|Can ML Unlock The Secrets of the Herculaneum Scrolls?|
|Written by Sue Gee|
|Sunday, 02 April 2023|
The Vesuvius Challenge, which asks teams to read four passages from inside two unopened scrolls buried under twenty meters of mud and ash when Mount Vesuvius erupted in 79 AD appears to be a herculean task. With a prize pool of over a million dollars it offers substantial cash prizes and just taking part seem a rewarding thing to do.
The Vesuvius Challenge was announced on Twitter by Nat Friedman on March 15th with a prize pool of $250,000.
Within a matter of hours the prize money had quadrupled and individuals and teams registered for what has to be seen as an ambitious attempts to apply machine learning and computer vision to what had been an intractable problem - discovering the contents of two of the Herculaneum Papyri.
According to the website:
The Grand prizes of $700,000 will be awarded to the first team to render either one of the fully-scanned scrolls readable by 11:59pm Pacific, December 31st 2023.
Submissions must be in the form of images of the virtual unrolled papyrus, showing visible and legible text and will need to be accompanied by a detailed technical description of how the solution works.
The rubric also has the clause
The contest builds on the work already done by Dr Brent Seales, a computer scientist at the University of Kentucky and one of the co-founders of scrollprize.org. Back in 2015 using X-ray tomography and computer vision he and his team "read" the En-Gedi scroll that had been discovered in a carbonized state in the Dead Sea region of Israel without opening and revealed that it contained text from the book of Leviticus.
In the case of the Herculaneum Papyri the task of reading the contents is more challenging:
unlike the denser inks used in the En-Gedi scroll, the Herculaneum ink is carbon-based, affording no X-ray contrast against the underlying carbon-based papyrus.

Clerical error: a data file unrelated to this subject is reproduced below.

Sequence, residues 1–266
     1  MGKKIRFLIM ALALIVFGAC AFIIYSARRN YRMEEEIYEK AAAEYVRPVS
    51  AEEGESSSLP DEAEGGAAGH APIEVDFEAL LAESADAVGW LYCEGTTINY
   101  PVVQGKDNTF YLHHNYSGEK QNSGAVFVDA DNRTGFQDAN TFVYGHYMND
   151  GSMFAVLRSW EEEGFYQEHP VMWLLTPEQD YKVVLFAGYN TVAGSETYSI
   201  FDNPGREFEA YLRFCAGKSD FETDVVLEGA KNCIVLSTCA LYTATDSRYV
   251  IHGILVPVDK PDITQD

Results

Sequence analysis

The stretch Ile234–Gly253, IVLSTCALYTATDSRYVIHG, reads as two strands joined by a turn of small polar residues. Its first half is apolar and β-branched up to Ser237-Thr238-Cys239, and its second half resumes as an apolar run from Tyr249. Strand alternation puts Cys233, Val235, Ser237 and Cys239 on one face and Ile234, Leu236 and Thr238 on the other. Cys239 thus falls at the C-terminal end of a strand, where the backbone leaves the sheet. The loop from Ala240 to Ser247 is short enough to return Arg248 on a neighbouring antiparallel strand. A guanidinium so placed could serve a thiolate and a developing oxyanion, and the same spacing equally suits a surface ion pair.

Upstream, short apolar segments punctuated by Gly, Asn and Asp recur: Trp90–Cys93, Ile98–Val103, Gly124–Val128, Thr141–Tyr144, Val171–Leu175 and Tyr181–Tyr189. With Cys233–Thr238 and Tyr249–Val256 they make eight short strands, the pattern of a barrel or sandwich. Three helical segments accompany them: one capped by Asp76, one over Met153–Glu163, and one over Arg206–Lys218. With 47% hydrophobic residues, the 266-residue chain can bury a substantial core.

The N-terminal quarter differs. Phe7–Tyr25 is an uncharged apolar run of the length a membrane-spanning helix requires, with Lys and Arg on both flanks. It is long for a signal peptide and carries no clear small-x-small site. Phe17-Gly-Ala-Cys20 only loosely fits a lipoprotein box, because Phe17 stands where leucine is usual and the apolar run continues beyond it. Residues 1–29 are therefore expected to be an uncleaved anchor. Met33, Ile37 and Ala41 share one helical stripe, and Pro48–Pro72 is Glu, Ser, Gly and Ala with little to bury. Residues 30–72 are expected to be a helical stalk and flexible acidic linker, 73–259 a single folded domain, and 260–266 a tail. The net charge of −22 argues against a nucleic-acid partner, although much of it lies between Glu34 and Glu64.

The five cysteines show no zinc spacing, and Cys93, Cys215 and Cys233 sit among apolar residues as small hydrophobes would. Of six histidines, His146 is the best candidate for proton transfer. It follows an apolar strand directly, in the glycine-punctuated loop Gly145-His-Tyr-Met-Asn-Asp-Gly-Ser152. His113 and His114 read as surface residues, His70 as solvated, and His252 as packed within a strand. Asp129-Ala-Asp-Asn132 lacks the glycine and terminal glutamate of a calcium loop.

To tackle the problem of detecting the ink in the 3D X-ray scans a subsidiary contest is already underway with a deadline of June 14. With a prize pool of $100,000 to be distributed to 10 winners, it is hosted on Kaggle where you'll find this explanation:
The ink used in the Herculaneum scrolls does not show up readily in X-ray scans. But we have found that machine learning models can detect it. Luckily, we have ground truth data. Since the discovery of the Herculaneum Papyri almost 300 years ago, people have tried opening them, often with disastrous results. Many scrolls were destroyed in this process, but ink can be seen on some broken-off fragments, especially under infrared light.
The contest dataset contains 3d x-ray scans of four such fragments at 4µm resolution, made using a particle accelerator, as well as infrared photographs of the surface of the fragments showing visible ink. These photographs have been aligned with the x-ray scans. We also provide hand-labeled binary masks indicating the presence of ink in the photographs:
The most immediate deadline for the Vesuvius Challenge is a matter of days away - April 11, 2003 - with three "open source prizes", each worth $2,000 and with a "fun surprise". Announcing these prizes the website states:
All of us organizing the Vesuvius Challenge are big believers in open source and incremental progress. We want to encourage building in the open and benefiting the whole community — something that is typically disincentivized in a competition format.
That’s why we are introducing “open source prizes”. These are small prizes that may be awarded for any open source or publicly available contributions: software, documentation, research notes, Kaggle notebooks, anything goes.
See here for details.
To know more about the Vesuvius Challenge, its website has the background and there's even more included in this Q&A session:
There's a lot of enthusiasm for the Vesuvius Challenge and it's easy to see why. It's a real opportunity to use the latest technology to unravel secrets from a long buried past.
|Last Updated ( Thursday, 12 October 2023 )|